It seems that clearer guidance may be needed from policy makers [with regard to remuneration]. Only about a third of Member States followed the Commission's 2004 recommendation that shareholders should be able to vote on the remuneration criteria applying to board members. Shareholders must have a say on this - and they must be more engaged. However, I note that the issue of remuneration for executives now figures in some of the emergency measures that certain of our Member States have taken in response to the financial crisis. That must mean that the message is hitting home.
Availability of independent board members alone is not a guarantee for a well functioning board. Indeed, the current turmoil has led many to question the usefulness of simply requiring independent board members. The whole of the board and the individual board members must not only be competent in relation to their tasks; they must also excercise a collective responsibility and due diligence with respect to the company. And I include non executive directors in this. That does not mean that companies should look for board members only within the traditional circles or the so called "old boys" network. Why not cast the net wider.
I am convinced that active shareholders are a pillar of good corporate governance and have a role in the supervision of the company. But what if they become too active? And are they destructive if they only take a short term view? Here my answer is dialogue. Let shareholders explain their vision and their interests and share the philosophy of the management with them. In this respect, it should be noted that hedge funds, as a type of 'activist' shareholders generally improve the performance of investee companies. This perception is widely held. But shareholders must not take on the role of management. Strong management with well organised, diligent boards, conscious of the long term health of the company is crucial".
Sunday, 19 October 2008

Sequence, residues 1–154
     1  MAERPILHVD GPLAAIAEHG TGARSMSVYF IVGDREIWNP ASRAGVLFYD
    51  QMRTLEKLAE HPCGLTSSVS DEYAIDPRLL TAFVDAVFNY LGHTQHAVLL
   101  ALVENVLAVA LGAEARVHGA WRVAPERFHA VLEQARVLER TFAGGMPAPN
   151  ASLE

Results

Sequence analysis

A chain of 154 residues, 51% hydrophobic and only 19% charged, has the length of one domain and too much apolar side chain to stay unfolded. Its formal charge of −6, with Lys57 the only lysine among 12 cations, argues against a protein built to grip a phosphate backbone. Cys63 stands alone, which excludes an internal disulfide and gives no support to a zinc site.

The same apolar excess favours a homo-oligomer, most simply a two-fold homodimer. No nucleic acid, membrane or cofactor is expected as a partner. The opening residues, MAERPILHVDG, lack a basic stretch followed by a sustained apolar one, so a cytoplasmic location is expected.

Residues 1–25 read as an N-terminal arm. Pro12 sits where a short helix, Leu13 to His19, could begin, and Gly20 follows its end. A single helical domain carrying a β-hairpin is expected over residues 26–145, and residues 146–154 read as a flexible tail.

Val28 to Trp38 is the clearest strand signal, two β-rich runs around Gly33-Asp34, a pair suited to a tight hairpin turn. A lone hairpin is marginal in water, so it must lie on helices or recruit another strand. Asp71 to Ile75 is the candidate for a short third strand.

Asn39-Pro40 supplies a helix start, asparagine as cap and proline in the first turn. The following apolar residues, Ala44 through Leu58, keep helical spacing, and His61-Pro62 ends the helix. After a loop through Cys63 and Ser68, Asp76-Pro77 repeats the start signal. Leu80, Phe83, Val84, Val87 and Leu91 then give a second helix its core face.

Friday, 17 October 2008
The French Presidency hope that broad political agreement can be reached on the Proposal by the end of 2008. This is a very demanding timetable and therefore this consultation will only last five weeks, closing on 21st November".
- Ownership and control of a company are not of themselves sufficient to justify piercing the veil (para. ).
- The veil cannot be pierced merely because it is thought to be necessary in the interests of justice (para. ).
- The veil can be pierced only if there is some impropriety but this alone is not sufficient: the impropriety must be linked to the use of the corporate structure to avoid or conceal liability (paras.  - ).
- There must be control by the wrongdoer(s) and impropriety, i.e., (mis)use of the company by them as a device or façade to conceal their wrongdoing (para ).
- A company can be a façade even though it was not originally incorporated with deceptive intent (para. ).
Thursday, 16 October 2008
The directors argued that the findings of fact and other opinions in the FSA report were inadmissible and in doing so relied on the strict rule of evidence in Hollington v Hewthorn  1 KB 587. The Court of Appeal (Buxton, Keene and Thomas LJJ) unanimously rejected this argument and provided a strong endorsement of the implied exception to the rule in Hollington in directors’ disqualification proceedings brought under Section 7 and 8 of the CDDA. Thomas LJ (delivering the only reasoned opinion) observed:
…there is good reason to reaffirm not only the principle of the implied exception as extending to whatever is contained in the reports and other materials obtained under the statutory scheme but also its eminent good sense in relation to disqualification proceedings such as this … it cannot sensibly be argued that the admission of such evidence causes any disadvantage to the defendant directors” (para. ).